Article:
California law defines "negligence" as the failure to use reasonable care to prevent harm to oneself or to others. In the context of an auto accident, the negligent driver is at fault for the accident and may have to pay for any damages caused.

Proving negligence in a personal injury case is sometimes difficult. In California though, a driver is considered "negligent per se" if he violates a statute.

Negligence “per se” is a legal theory in which negligence is presumed based upon a defendant's violation of a statute or ordinance

This means a driver would be negligent per se if he violated Vehicle Code Sections 21800-21804. 

Please note, however, that even if a driver is negligent per se, the driver may still be able to recover for any damages he incurs. This is because of California's comparative fault laws.

8. Are there laws related to California's failure to yield laws?

There are three laws related to Vehicle Code Sections 21800-21804. These are:

  1. California's "speeding laws;"
  2. California's law on driving on the wrong side of the road; and,
  3. California's laws on unsafe passing.

8.1 What are California's "speeding laws?"

"Speeding laws" refers to those California laws that impose penalties on motorists if driving too fast. Some of these include:

Penalties for violating these speeding laws typically include a fine and points assessed on the motorist's DMV driving record.

As to fines, the exact amount of a speeding ticket will depend on the speed at which the driver was driving. The amount will also include a base fine, fees, and penalty assessments.

If a driver exceeds the speed limit, but wasn't driving more than 100 miles per hour, then the base fine of a ticket will be:

  • $35 if faster than the limit by 1 to 15 miles per hour
  • $70 if faster than the limit by 16 to 25 miles per hour
  • $100 if faster than the limit by 26 miles per hour
car going in the wrong direction
Drivers cannot drive on the wrong side of the road in California

8.2 What is California's law on driving on the wrong side of the road?

Drivers cannot drive on the wrong side of the road in California

California Vehicle Code Section 21651 describes how traffic should flow on California's divided public roads.23

According to Vehicle Code 21651 (b):

It is unlawful to drive any vehicle upon a highway, except to the right of an intermittent barrier or a dividing section which separates two or more opposing lanes of traffic.24

This language is clear. All vehicles on California's highways must drive to the right of a barrier or dividing section. This means they must drive on the right side of the road.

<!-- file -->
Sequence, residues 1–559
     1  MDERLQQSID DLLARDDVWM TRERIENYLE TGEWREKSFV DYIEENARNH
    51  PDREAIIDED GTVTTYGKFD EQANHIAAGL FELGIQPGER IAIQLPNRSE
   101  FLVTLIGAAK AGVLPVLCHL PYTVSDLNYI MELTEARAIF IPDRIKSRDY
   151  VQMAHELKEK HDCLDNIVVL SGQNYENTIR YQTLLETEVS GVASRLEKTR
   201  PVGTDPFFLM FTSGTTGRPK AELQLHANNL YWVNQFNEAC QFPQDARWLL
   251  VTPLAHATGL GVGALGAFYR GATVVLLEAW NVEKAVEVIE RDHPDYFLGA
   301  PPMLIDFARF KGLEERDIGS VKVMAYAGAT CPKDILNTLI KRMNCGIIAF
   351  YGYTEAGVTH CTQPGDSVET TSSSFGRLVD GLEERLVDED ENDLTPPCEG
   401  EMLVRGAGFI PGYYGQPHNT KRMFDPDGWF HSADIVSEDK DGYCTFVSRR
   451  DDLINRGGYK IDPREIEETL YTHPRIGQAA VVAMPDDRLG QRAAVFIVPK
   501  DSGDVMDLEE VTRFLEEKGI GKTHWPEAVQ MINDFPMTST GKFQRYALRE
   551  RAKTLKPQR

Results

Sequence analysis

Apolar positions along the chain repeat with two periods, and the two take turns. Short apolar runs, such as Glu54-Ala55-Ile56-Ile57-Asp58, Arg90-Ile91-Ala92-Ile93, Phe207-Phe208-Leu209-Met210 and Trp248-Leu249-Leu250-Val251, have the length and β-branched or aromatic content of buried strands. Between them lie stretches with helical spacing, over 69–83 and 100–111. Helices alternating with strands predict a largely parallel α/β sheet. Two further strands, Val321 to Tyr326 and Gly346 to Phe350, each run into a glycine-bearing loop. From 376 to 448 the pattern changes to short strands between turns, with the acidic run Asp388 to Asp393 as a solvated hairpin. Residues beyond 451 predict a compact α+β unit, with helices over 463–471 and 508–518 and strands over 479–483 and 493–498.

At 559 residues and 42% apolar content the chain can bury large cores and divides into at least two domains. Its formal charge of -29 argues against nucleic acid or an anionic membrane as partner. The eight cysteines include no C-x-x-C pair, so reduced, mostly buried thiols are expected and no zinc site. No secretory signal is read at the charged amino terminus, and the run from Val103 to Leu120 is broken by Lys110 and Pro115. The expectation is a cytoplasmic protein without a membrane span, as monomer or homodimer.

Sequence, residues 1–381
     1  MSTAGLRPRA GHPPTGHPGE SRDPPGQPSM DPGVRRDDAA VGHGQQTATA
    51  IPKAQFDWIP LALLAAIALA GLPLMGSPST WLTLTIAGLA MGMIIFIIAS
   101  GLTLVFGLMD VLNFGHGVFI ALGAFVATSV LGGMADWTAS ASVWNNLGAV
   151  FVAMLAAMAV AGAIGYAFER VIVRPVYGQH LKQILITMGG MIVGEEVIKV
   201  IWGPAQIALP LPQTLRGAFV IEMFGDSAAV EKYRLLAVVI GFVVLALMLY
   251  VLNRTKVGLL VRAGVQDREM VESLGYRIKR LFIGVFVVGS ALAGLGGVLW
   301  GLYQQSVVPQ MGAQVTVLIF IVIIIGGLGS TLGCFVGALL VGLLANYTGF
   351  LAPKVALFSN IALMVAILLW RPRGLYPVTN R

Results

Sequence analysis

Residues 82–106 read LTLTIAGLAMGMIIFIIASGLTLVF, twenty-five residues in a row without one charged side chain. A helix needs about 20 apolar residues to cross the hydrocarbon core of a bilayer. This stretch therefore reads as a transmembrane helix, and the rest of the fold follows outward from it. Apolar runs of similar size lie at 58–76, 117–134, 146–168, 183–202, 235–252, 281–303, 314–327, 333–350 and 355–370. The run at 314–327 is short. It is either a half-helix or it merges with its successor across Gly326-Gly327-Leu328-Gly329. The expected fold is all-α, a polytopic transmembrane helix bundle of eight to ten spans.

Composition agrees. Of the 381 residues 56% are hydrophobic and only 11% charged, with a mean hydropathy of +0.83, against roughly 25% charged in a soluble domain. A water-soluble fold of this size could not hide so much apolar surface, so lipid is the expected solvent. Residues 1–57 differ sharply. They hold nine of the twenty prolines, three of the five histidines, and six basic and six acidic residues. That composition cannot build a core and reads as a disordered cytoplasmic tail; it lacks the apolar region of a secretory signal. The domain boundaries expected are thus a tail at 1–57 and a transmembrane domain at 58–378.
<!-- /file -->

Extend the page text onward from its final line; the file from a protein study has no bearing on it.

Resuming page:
Driving to the left of a barrier or dividing section is driving on the left side of the road. A motorist is driving on the wrong side of the road if he does this.

Driving on the wrong side of the road is a "wobbler" under California law. A "wobbler" is a crime that can be punished as either a misdemeanor or a felony.

Whether a violation of VC 21651 (b) results in a misdemeanor or felony depends on whether anyone was hurt or killed because of the violation.

A motorist guilty of driving on the wrong side of the road will also receive points on his driving record.

8.3 What are California's laws on unsafe passing?

California's traffic laws on improper passing and overtaking vehicles are found in Vehicle Code Sections 21750-21759 VC.

Each of these code sections provide specific rules on overtaking vehicles, passing vehicles, or both.

For example, Vehicle Code 21750 (a) states:

The driver of a vehicle overtaking another vehicle proceeding in the same direction shall pass to the left at a safe distance without interfering with the safe operation of the overtaken vehicle, subject to the limitations and exceptions set forth in this article.25

Drivers that violate California Vehicle Code Sections 21750-21759 VC will receive:

  1. A fine of $238; and,
  2. One point assessed to the driver's DMV driving record.

Were you accused of failure to yield in California? Call us for help…

female operator smiling
Call us for help...

If you or someone you know has been cited for a violation of Vehicle Code Sections 21800-21804, or has been injured in an accident in California, we invite you to contact us for a free consultation. We can be reached 24/7 at 855-LawFirm.

Legal References:

  1. California Vehicle Code 21800 (a) VC.
  2. See same.
  3. California Vehicle Code 21800 (b)(1) VC.
  4. California Vehicle Code 21800 (c) VC.
  5. California Vehicle Code 21800 (d)(1) VC.
  6. California Vehicle Code 21800 (d)(2) VC.
  7. Vehicle Code 21801 (a) VC.
  8. California Vehicle Code 21801 (b) VC.
  9. California Vehicle Code 21802 (a) and (b) VC.
  10. California Vehicle Code 21803 (a) VC.
  11. California Vehicle Code 21803 (b) VC.
  12. California Vehicle Code 21804 (a) VC.
  13. California Vehicle Code 21804 (b) VC.
  14. See DMV.org.
  15. See California Courts website.
  16. See same.
  17. See same.
  18. California Vehicle Code 40508 VC.
  19. CALCRIM 2240, endnote 1: Someone commits an act willfully when he or she does it willingly or on purpose. It is not required that he or she intend to break the law, hurt someone else, or gain any advantage.
  20. See same.
  21. California Vehicle Code 40508 VC, endnote 1.
  22. California Penal Code 19 PC.  Except in cases where a different punishment is prescribed by any law of this state, every offense declared to be a misdemeanor is punishable by imprisonment in the county jail not exceeding six months, or by fine not exceeding one thousand dollars ($1,000), or by both.
  23. See California Vehicle Code 21651 VC.
  24. California Vehicle Code 21651 (b) VC.
  25. California Vehicle Code 21750 (a) VC.